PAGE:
Thursday, June 01, 2006

Tips On Buying Distressed Homes

Forbes has an article on 'foreclosure hotspots.' "Turns out, plenty of homeowners are suffering despite the recent boom in house prices. According to data service that tracks delinquent mortgage holders, at the end of April there were 87,582 American homes in some phase of foreclosure. Though nationally the number is up just 2.6% from six months ago, in a few cities, foreclosure filings have jumped up by 26% and more."

"If you’re flush and hoping to get in early on what may be a bear market in real estate, there may be an opportunity for you in all this."

"On average nationally, there are 29 houses in foreclosure for every 100,000 U.S. residents. But at the top of’s list, in hard-up cities like Cleveland and Detroit, the rate is several times that. Even some higher-growth cities, including Dallas, Houston and Oakland, are seeing high rates of foreclosures."

"And rapid growth in new foreclosure filings threaten to put other high-growth cities like Las Vegas, Sacramento and San Diego into the above-average camp."

"Brad Geisen, a long-time investor in distressed homes, has a few tips for beginners thinking of making unsolicited offers to distressed borrowers. For starters, focus on a neighborhood you know well, maybe the one you live in, so you’ll have a rock-solid sense of local property values. If you’re lucky enough to find a homeowner willing to sell, they’ll want to close fast, and there won’t be enough time to research the neighborhood."

"Consider working with a 'hard equity lender,' who specializes in making loans to vulture buyers. They charge higher interest rates than local banks, but Geisen says the higher cost is usually justified by the guidance and advice they offer. 'It’s a second set of eyes on your deal,' he says. Your local mortgage broker should be able to refer you to such lenders."

"Get ready to work the phone, a lot. Geisen says the vast majority of distressed purchases happen well before the bank actually repossesses a home. You’ll have to find and cold-call homeowners who’ve been flagged as delinquent or who are still in the early stages of foreclosure, and you should expect to work on at least a dozen different homes before you hook a deal. In most cases, the best way to contact the homeowner is by telephone. Letters don’t work. 'You have to make personal contact,' he says."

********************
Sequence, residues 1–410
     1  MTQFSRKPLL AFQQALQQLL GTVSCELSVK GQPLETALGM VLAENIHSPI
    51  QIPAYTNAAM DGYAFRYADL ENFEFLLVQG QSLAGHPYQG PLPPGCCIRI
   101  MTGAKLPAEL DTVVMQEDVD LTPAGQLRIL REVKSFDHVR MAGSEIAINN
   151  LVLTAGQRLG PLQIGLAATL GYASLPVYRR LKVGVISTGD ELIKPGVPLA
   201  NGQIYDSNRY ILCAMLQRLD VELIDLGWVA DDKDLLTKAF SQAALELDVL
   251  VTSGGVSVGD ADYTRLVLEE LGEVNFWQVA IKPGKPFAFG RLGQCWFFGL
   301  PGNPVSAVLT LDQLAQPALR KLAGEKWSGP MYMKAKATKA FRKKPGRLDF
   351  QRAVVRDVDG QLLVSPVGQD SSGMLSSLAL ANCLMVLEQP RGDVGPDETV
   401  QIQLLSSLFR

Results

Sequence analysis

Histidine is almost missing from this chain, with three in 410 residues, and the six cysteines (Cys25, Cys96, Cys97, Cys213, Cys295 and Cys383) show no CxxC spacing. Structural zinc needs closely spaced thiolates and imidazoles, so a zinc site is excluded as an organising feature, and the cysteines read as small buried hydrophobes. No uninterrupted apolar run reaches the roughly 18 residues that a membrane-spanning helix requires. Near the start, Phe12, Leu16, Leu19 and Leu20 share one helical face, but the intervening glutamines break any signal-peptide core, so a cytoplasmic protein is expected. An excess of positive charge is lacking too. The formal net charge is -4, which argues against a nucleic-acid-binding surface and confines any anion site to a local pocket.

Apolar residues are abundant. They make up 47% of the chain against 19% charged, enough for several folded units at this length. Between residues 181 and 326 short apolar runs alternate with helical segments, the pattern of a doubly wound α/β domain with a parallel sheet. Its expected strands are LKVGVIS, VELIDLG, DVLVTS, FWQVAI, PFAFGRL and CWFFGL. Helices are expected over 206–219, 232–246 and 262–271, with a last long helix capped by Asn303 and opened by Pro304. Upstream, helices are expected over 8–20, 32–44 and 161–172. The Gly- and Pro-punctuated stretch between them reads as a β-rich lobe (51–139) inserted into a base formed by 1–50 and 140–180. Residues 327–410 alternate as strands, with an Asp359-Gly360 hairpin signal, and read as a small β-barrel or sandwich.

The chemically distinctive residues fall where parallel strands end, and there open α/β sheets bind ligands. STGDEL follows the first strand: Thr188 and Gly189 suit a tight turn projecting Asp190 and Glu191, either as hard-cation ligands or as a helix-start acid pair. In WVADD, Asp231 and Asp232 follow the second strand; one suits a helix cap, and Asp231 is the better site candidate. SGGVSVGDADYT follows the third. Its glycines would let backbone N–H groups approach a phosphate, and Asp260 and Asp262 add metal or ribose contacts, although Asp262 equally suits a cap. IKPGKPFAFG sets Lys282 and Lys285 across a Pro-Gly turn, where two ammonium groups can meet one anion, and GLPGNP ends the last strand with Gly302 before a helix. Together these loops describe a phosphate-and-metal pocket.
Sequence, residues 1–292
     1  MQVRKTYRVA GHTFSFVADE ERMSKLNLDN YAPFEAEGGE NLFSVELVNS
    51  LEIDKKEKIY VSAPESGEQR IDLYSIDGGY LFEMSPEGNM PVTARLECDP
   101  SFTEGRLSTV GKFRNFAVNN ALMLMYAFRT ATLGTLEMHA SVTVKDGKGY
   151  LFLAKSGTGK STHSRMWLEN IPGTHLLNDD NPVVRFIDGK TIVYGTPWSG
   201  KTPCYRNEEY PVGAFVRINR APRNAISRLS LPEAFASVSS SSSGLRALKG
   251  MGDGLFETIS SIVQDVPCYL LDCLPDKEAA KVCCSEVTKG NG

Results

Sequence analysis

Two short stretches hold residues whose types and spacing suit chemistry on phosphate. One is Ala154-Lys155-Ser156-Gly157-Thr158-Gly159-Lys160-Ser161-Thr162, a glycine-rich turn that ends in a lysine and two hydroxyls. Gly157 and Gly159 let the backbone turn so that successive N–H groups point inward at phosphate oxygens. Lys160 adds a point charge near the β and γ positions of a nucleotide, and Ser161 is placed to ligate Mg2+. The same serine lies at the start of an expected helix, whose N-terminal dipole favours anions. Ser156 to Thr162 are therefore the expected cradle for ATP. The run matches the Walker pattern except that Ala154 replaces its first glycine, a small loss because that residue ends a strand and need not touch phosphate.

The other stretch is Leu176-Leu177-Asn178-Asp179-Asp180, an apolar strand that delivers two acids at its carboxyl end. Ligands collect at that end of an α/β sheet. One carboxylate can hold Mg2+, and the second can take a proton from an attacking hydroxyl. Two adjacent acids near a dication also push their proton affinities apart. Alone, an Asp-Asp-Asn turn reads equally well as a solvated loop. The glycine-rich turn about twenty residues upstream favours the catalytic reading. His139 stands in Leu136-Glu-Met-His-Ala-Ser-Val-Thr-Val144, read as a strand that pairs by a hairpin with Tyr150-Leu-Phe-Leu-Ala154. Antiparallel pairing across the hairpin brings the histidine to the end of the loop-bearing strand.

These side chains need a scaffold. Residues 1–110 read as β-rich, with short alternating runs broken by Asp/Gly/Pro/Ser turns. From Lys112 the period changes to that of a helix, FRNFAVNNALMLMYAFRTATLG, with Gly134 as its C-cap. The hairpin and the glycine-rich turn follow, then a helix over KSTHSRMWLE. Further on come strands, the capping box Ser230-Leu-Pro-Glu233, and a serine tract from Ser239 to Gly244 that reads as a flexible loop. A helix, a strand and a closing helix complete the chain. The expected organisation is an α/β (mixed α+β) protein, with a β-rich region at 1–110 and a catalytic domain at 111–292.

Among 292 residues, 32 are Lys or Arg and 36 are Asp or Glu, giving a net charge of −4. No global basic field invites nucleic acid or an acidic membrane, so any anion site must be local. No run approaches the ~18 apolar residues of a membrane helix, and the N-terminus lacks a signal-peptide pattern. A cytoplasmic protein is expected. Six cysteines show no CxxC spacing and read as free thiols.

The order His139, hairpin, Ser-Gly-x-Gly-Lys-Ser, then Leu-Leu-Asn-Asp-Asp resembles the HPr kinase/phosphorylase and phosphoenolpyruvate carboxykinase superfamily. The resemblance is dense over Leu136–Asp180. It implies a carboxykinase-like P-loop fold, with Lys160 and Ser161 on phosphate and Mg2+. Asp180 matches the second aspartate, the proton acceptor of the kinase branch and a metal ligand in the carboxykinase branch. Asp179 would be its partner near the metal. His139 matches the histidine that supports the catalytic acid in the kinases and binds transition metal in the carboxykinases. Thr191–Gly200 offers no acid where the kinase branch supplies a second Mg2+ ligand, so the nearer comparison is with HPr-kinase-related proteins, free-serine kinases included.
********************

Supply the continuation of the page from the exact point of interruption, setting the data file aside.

"And be gracious. 'Offer to help them find a lender or an agent first,' he suggests. It might mean losing a potential sale in the short run, he admits, but a distressed homeowner is more likely to seek a deal with you later."

"Don’t waste too much time on how-to books and seminars. Most of them are 'OK for motivation,' says Geisen, but they don’t contain the genuinely useful knowledge of how to get a distressed purchase finished. That you’ll have to gain yourself, most likely by the first 14 or so deals you fail to close."

"One absolute no-no: Buying property sight unseen. Another: Taking it personally when deals fall apart. 'If you’re bidding a property up because you’re frustrated or you’re really trying to beat the other guy, you’re going to end up overpaying.'"

"A good lesson to remember, since more than likely, overpaying is what got the guy you’re buying property from in trouble in the first place."


At 5:20 PM, Blogger DCBubbleHead said...

this is an interesting post. i bought a book on foreclosures at borders and i was amazed that someone would take the time to provide so much good information. after i got 100 pages into the book, i realized that the reason the guy was selling a book and not buying a house is because his method no longer works with the advent of 2nd mortgages. you've definitely got to do your homework before going after these and be familiar with local laws.

At 6:52 PM, Blogger Chip said...

DCB -- what is it about 2nd mortgages that makes the writer's system no longer work? Is it the simple logic of the seller having too little or no equity?

At 8:36 AM, Blogger Loren said...

The second mortgage adds another level of approval that needs to be given to sell the house without foreclosing. If the primary lien holder forecloses they have full rights to the first proceeds, but if you try to buy from the owner before foreclosure the second lien holder will try to extract as much cash from the seller as possible. It makes way harder to get any meaningful equity from the deal for the seller and the buyer can't get enough of a discout to make any kind of profit.

At 1:05 AM, Blogger MrIncomeStream said...

That depends on how far down the pipe the 1st is in it's foreclosure process


Post a Comment

<< Home